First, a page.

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Guy Sebastian and Sam Fischer Have the ‘Antidote’

The Australian singer-songwriters discuss their first-ever collaboration, TV singing competitions, and their solo music

Guy Sebastian and Sam Fischer have only just released “Antidote”, their first-ever single together, but they’re already thinking of something bigger.

“We’re a duo, but should we add a third member to be a proper boy band? Stan Walker!” Guy says, much to Sam’s approval. Guy Sebastian, Sam Fischer, and Stan Walker: that powerhouse trio would break the internet in Australasia.

For now, “Antidote”, the Guy and Sam’s love letter to the music that has saved them throughout their life, will more than suffice.

The soul-stirring single finds their vocal ranges syncing perfectly, Guy’s powerful choruses matching Sam’s velvety falsetto sublimely.

When Rolling Stone AU/NZ caught up with them just after their performance on the Grand Final of Australian Idol, they were buzzing about their single finally being unveiled to the world.

They also had plenty of other things to discuss, including Sam’s upcoming global tour (including three dates in Australia) in support of his debut album I Love You, Please Don’t Hate Me, and Guy’s returning stint as a judge on The Voice Australia and an unexpected move to the bright lights of Bollywood.

Read on for the full conversation about their careers, mutual respect, and the healing power of music – or whatever your current ‘antidote’ is.

Guy Sebastian and Sam Fischer’s “Antidote” is out now. 

Rolling Stone AU/NZ: How was performing the new song on Australian Idol last night? 

Guy Sebastian: It was really special. We actually haven’t sung it that many times. We did it a couple of days before at the Wharf4Ward, a youth cancer charity event by Sony. I’m glad we did that – we needed a rehearsal!

Sam Fischer: Mate, have you been back to Idol since winning?

Guy: I don’t think so, but seeing their logo splashed across the front of the desk brought back all these memories. During soundcheck I had a moment. It’s been the most significant thing in my life – it was the thing that gave me the ability to do this, meeting people like Sam Fischer.

Sam: It brought you here to me (laughs).

RS: Shannon Noll was also performing, that must have been another blast from the past for you. 

Guy: I think that’s why the whole thing felt very nostalgic, you know, Ricki-Lee was there as well. In soundcheck, I didn’t realise I’d be sitting on that desk with the Australian Idol logo later because Marcia [Hines] unfortunately had an incident and had to be taken away in an ambulance. So I ended up filling in as a judge, which was nerve-wracking. But it felt easy because I was next to Kyle [Sandilands] and Amy [Shark], who I’ve known forever. They made me feel pretty at ease.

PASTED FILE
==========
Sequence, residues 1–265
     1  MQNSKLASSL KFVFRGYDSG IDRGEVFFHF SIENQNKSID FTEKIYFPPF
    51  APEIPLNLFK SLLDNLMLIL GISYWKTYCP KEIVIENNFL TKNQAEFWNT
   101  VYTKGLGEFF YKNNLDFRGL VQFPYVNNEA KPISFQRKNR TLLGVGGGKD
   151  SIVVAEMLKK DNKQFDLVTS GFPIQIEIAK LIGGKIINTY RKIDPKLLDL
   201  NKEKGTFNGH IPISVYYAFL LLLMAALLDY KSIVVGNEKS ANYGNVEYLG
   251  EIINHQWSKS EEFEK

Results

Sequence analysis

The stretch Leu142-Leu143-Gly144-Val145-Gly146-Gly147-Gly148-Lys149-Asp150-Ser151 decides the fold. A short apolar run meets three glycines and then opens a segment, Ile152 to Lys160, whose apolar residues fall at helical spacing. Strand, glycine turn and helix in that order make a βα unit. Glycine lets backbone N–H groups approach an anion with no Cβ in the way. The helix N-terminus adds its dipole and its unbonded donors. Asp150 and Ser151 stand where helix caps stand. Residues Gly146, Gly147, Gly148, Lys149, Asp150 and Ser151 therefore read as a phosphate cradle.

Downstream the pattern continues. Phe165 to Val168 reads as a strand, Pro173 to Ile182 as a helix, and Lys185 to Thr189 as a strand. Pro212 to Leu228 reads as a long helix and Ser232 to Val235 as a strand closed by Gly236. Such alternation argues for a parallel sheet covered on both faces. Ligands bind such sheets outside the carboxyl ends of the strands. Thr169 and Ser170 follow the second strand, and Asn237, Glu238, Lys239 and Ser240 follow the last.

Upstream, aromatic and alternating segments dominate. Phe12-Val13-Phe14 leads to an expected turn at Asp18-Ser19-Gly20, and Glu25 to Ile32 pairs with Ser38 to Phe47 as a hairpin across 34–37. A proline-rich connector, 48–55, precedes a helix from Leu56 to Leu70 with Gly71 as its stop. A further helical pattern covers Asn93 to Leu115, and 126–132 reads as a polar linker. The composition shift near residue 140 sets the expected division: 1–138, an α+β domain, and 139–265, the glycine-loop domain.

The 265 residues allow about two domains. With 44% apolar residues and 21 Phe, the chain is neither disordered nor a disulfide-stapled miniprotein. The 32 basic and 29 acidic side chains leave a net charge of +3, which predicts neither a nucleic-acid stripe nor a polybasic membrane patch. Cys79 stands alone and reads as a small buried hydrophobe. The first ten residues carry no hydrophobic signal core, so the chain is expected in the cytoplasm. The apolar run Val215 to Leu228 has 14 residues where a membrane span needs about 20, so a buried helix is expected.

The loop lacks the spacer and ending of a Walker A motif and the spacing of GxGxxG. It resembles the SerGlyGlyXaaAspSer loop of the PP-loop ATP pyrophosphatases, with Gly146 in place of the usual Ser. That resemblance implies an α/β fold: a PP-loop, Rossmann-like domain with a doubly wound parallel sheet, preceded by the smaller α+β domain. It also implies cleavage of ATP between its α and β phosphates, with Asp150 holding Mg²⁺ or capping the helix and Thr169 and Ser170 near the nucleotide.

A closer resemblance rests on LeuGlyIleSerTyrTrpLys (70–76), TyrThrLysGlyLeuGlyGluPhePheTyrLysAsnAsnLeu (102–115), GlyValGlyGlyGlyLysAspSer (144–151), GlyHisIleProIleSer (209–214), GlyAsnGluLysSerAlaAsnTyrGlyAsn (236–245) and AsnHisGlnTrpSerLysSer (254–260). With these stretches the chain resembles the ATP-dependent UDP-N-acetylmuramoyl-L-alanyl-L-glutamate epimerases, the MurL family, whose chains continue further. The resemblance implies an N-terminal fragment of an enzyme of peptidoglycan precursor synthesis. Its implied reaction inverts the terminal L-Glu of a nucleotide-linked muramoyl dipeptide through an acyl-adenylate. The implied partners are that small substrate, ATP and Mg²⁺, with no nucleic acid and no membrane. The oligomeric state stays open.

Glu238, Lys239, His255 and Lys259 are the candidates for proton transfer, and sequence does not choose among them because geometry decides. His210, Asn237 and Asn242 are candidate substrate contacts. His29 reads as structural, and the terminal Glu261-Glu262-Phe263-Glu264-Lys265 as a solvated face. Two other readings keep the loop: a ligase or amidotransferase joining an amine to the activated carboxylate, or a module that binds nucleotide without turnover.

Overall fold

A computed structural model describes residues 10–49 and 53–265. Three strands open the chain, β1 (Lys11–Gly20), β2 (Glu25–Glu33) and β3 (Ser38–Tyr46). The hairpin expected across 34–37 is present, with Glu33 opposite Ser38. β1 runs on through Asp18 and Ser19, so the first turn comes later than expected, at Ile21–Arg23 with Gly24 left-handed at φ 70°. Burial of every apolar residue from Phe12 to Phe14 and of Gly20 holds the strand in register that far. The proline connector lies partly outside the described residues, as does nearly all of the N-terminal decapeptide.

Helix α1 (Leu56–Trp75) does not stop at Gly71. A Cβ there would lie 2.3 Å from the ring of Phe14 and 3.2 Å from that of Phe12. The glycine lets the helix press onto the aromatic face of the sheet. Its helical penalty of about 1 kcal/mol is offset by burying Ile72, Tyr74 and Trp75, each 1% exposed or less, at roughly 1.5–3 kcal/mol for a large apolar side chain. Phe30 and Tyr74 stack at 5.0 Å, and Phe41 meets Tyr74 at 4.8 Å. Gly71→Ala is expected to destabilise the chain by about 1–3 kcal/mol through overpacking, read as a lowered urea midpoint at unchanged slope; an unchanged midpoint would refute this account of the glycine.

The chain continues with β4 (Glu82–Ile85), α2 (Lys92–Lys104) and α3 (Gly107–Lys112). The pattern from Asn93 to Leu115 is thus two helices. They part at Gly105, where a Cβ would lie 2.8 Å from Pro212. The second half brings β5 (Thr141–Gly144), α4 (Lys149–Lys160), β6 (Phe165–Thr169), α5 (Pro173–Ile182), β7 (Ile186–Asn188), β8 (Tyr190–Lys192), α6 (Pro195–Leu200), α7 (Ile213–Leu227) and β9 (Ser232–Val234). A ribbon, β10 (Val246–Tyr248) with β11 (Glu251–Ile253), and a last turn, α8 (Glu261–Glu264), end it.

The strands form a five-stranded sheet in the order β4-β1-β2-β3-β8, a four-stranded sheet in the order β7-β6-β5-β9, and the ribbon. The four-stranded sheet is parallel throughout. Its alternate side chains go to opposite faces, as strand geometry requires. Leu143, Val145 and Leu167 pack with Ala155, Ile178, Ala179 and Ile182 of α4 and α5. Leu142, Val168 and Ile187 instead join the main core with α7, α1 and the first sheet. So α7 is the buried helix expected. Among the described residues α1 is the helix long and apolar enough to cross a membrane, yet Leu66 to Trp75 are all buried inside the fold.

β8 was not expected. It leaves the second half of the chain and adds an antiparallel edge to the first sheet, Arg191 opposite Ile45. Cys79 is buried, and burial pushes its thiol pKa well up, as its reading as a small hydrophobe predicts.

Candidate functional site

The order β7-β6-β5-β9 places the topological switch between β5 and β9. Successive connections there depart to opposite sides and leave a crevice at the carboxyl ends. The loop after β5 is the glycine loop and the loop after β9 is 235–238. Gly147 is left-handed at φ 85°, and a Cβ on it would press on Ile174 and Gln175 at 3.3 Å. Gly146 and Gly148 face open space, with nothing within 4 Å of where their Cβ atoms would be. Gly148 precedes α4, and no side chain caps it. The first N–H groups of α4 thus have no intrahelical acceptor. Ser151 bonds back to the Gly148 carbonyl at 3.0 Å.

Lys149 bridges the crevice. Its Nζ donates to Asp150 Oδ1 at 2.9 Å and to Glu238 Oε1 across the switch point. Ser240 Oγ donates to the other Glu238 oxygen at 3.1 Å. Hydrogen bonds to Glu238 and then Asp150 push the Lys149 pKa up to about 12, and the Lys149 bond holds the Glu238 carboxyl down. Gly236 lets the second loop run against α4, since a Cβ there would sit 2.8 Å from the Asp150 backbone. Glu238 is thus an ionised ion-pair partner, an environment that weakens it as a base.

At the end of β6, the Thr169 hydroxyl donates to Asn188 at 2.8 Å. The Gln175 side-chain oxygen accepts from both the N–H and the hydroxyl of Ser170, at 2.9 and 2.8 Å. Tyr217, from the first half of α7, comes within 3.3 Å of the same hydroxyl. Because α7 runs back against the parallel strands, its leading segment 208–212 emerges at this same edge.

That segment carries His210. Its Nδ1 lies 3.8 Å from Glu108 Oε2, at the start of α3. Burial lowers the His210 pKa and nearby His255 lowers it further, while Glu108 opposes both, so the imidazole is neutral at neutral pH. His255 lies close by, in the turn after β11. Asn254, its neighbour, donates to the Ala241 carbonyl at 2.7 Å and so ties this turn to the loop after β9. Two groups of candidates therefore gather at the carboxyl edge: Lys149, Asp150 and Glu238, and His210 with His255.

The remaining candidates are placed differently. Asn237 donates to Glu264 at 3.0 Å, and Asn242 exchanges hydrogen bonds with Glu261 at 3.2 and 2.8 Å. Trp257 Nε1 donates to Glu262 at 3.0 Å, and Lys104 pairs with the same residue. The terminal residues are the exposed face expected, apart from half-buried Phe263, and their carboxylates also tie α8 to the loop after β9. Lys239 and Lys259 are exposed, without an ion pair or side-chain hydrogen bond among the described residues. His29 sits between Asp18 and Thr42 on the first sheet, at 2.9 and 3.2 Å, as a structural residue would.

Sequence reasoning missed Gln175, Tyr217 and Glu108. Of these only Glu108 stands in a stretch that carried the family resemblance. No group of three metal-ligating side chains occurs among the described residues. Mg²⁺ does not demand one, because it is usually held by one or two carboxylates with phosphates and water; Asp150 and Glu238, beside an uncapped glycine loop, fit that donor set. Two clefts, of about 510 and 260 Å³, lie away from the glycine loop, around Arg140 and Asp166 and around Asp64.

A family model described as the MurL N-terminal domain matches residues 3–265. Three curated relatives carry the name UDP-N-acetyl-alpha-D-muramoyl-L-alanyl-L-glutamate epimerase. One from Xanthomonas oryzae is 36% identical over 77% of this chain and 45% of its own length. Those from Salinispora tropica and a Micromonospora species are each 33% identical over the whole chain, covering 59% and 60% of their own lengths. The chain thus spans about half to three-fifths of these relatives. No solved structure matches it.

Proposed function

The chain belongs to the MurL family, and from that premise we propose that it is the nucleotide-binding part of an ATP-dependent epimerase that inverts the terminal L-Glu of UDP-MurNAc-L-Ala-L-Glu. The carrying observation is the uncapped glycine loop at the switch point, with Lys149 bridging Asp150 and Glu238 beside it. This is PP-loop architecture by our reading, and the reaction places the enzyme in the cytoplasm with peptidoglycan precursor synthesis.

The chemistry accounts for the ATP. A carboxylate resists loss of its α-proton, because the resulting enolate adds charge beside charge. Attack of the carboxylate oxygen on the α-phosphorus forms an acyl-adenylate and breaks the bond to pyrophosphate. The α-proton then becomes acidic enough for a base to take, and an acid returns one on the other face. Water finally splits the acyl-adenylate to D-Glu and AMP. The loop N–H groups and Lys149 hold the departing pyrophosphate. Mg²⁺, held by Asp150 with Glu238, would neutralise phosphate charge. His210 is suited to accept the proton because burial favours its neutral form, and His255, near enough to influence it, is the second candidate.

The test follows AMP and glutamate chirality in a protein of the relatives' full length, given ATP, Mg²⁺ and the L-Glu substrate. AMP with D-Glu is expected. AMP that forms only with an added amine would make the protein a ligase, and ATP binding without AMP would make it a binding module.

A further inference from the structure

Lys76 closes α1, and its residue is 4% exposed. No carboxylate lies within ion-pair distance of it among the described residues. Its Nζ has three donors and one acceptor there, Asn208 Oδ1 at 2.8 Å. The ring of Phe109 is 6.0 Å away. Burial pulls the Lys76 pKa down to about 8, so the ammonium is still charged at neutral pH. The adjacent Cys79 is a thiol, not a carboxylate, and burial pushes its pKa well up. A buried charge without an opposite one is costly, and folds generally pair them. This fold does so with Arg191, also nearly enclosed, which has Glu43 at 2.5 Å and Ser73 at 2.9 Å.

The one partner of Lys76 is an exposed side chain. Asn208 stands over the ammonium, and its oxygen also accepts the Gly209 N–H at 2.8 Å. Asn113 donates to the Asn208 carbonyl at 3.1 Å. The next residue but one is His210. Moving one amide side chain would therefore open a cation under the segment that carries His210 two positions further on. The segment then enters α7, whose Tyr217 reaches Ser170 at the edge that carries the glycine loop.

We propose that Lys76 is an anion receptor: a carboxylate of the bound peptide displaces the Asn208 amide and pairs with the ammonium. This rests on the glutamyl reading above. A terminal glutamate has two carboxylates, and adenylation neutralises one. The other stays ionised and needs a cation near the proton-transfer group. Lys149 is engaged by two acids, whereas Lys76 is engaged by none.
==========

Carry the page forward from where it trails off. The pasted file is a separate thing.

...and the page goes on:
RS: You’re right at home in the judges seat. Now tell me, is Guy Sebastian and Sam Fisher the next hottest Australian boy band? 

Sam: Oh, we’ve been hashing it out between us. 

Guy: We’ve talked about what our name would be like ‘Guyfish’ or ‘Sebasti-cher’…

Sam: To answer your question, absolutely, yes.

Guy: Yeah, we’re a duo, or do we find another person? Who would be our third? Stan Walker!

Sam: Staaaaaan.

RS: Tell me a little bit more about this collaboration on “Antidote”.

Guy: We just love singing together. We did some mentoring on The Voice recently, and everything felt so natural because we’re aligned creatively and personally too.

Sam: We’ve both done a lot of collaborations, and when you’re just working with someone who you’re genuinely also just mates with, it makes the process more fun. Our voices blend so well together.

I think when you’re working with someone as talented as Guy is, as a vocalist, as a singer first, we can really push each other vocally and see what we can do. Neither of us takes anything too seriously. We have a bit of fun with the moment and not get swept up in any tiny little thing that might go wrong.

Guy: Our voices complement each other so well. Sam sings with such nuance – he’ll sing a verse and make it sound easy. You don’t know why you’re hanging onto every word, but it’s because there’s such an art form in making a lyric that is, you know, in a low range pop and commands attention. For me, there are a few singers that do that. People like Alessia Cara and others – they inject so many little nuances in the way that they phrase things.

Sam: And then you’ll hear Guy smash out the chorus and sing higher than anyone should. 

Guy: I’ll belt and you do the falsetto. It’s funny, even when I was recording Sam’s vocals in my studio here in Sydney, I’d swear I got him to do two takes, and I knew I had it. Maybe got a few more just for fun. Usually, with a duet, you split things equally as much as you can, but I decided early on that this isn’t it.